The Science of Sustainability

Robin Marks

Robin Marks

Robin Marks is the owner and operator of Discovery Street Tours, which offers science-themed walking tours in San Francisco. She is also a long-time science writer, and president of the Northern California Science Writers' Association. She loves to climb big hills, investigate tidbits of everyday life, and do chemistry experiments with her food.

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Robin Marks's Latest Posts

Science in Your Life: The Magic Microwave

Science in Your Life: The Magic Microwave

Why doesn’t a microwave heat my food like a regular oven?

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Seed banking: saving both agri- and -culture

Seed banking: saving both agri- and -culture

It's more than the genes that feed us. Some have dubbed it the "doomsday vault"; others, taking a more positive tone, call it a repository of biodiversity. However you look at it, the Global Seed Vault is a fortress. Buried under almost 500 feet of Arctic permafrost, secured against bomb blasts, earthquakes, and potential thieves, […]

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Gleaning scientific observations from ancient myths

Gleaning scientific observations from ancient myths

I had the privilege this week of interviewing Isabel Hawkins, an astronomer and director of the Center for Science Education at Berkeley's Space Sciences Laboratory. We talked about how people use evidence in science, how it is that we know what we know. Hawkins isn't your ordinary astronomer. She began her career in an ordinary […]

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Using life as a tool

Using life as a tool

Companies like GenoCAD allow users to piece together their own designer DNA. “Synthetic biology” seems like a contradiction in terms, doesn’t it? I mean, if it’s biological, it’s natural, right? And if it’s natural, then it’s not synthetic. Sure. Except that modern science has sorta blurred all those nice convenient boundaries. Nothing has demonstrated this […]

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The Eyes Have It

The Eyes Have It

How can you tell when someone's smile is fake? See if you can tell from the 2 images below:* A real, spontaneous smile incorporates tiny muscles around the eye that are nearly impossible to contract at will. You can see this for yourself in an exhibit called "Polite Smile, Delight Smile" part of the Exploratorium's […]

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Wired for wireless: the genetics of text messaging

Wired for wireless: the genetics of text messaging

I love my cell phone. We have a serious relationship. One that may be biologically predetermined. Let me explain. On New Year's Eve I brought my phone with me to San Francisco's Ocean Beach, where I traditionally go, rain or shine, to watch the year's last sunset. I was by myself, but I wasn't alone. […]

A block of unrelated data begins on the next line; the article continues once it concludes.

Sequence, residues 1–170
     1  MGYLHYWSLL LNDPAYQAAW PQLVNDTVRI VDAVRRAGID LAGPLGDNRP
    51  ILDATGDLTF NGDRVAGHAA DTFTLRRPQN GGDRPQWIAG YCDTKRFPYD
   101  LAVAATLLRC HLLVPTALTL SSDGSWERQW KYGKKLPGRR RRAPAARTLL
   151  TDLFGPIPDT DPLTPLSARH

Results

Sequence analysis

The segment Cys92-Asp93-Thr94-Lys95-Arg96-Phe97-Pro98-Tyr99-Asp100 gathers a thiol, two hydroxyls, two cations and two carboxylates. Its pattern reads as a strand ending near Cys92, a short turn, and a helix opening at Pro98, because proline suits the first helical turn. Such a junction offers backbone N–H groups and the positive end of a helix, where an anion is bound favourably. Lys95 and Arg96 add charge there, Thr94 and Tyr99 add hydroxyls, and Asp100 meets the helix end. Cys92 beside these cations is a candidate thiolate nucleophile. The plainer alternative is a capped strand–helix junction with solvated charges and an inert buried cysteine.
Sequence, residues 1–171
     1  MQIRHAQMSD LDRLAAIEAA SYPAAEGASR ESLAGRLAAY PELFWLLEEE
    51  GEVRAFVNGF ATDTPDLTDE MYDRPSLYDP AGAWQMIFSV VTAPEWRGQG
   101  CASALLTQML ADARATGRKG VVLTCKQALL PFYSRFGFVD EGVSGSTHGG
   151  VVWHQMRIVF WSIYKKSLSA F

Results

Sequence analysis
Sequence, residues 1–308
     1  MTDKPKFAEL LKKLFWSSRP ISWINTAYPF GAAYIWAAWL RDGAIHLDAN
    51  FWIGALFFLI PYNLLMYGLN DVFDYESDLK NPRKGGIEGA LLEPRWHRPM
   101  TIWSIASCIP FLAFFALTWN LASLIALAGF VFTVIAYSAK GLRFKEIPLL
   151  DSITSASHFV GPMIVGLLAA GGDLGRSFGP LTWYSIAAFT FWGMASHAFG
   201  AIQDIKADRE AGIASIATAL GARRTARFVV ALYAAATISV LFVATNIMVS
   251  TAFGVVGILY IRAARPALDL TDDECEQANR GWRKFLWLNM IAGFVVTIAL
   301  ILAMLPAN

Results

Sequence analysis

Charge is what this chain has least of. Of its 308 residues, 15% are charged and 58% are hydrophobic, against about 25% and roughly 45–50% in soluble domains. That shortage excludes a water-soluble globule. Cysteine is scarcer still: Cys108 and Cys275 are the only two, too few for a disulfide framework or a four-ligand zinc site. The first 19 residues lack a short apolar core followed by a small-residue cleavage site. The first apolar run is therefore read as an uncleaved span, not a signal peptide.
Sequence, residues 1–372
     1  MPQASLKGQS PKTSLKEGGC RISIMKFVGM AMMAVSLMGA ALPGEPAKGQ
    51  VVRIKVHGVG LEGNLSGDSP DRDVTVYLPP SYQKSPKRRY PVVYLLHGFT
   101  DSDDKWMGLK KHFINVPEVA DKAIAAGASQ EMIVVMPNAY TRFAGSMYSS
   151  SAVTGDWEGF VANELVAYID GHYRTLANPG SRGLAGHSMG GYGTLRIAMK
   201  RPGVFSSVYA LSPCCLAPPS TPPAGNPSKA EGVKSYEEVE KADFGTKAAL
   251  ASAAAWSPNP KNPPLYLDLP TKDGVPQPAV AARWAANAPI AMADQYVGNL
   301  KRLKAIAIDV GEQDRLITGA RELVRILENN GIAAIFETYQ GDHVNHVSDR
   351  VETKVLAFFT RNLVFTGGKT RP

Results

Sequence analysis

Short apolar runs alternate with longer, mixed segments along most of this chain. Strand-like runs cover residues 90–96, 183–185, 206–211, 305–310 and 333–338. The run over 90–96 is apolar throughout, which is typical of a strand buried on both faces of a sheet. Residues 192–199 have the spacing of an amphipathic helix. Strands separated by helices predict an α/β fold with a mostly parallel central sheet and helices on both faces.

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Why does it matter if kids know about science anyway?

Why does it matter if kids know about science anyway?

Which is bigger, an electron or an atom? If you're reading this science blog, you probably know the right answer. And that would make you a little more informed than the average American, according to a recent National Science Foundation report. Getting kids grounded in science at a young age can go a long way […]

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Below the surface of the spill

Below the surface of the spill

Oil booms at Crissy Field. Credit: fredsharplesJust two days before a container ship hit the Bay Bridge, spilling 58,000 gallons of oil into the waters of San Francisco Bay, QUEST web producer Craig Rosa and I were at Crissy Field beach. We were photographing pelicans and recording dogs playing in the sand for an upcoming […]

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World Series, uncorked

World Series, uncorked

Dave Barker of the Exploratorium gets some batting tipsWhen I think of baseball and science, I always remember poor Sammy Sosa. In 2003, he was suspended from seven games with the Chicago Cubs for using a bat that had cork in it–an illegal move, according to Major League Baseball rules. I certainly don't feel sorry […]

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Bird brains (a eulogy of sorts)

Bird brains (a eulogy of sorts)

Image from Wikipedia, originally from socialfiction.orgI'm in mourning: In early September, Alex the African grey parrot mysteriously died. I never met Alex personally, but I've heard him speak. Yes, he spoke. He also counted. And he could tell you which of a pair of keys was the bigger one, or the yellow one. He was […]

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Knowledge is ephemeral

Knowledge is ephemeral

On Labor Day at the Exploratorium, visiting artist Aeneas Wilder witnessed museum visitors toppling a sculpture he'd spent many painstaking days to create in our Seeing gallery. Earlier this summer, Aeneas carefully stacked pieces of specially measured wood, one at a time, until he'd constructed an enormous cage-like sphere. (To get a sense of its […]

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Are you "science literate?" Whatever that means…

Are you "science literate?" Whatever that means…

According to the National Science Board, Americans are pretty interested in science– but not all that informed about it. And in our knowledge-based society, the Board adds, this lack of understanding can have implications. But what does that mean? What don’t people know? What would they like to know? And what difference would it make? […]

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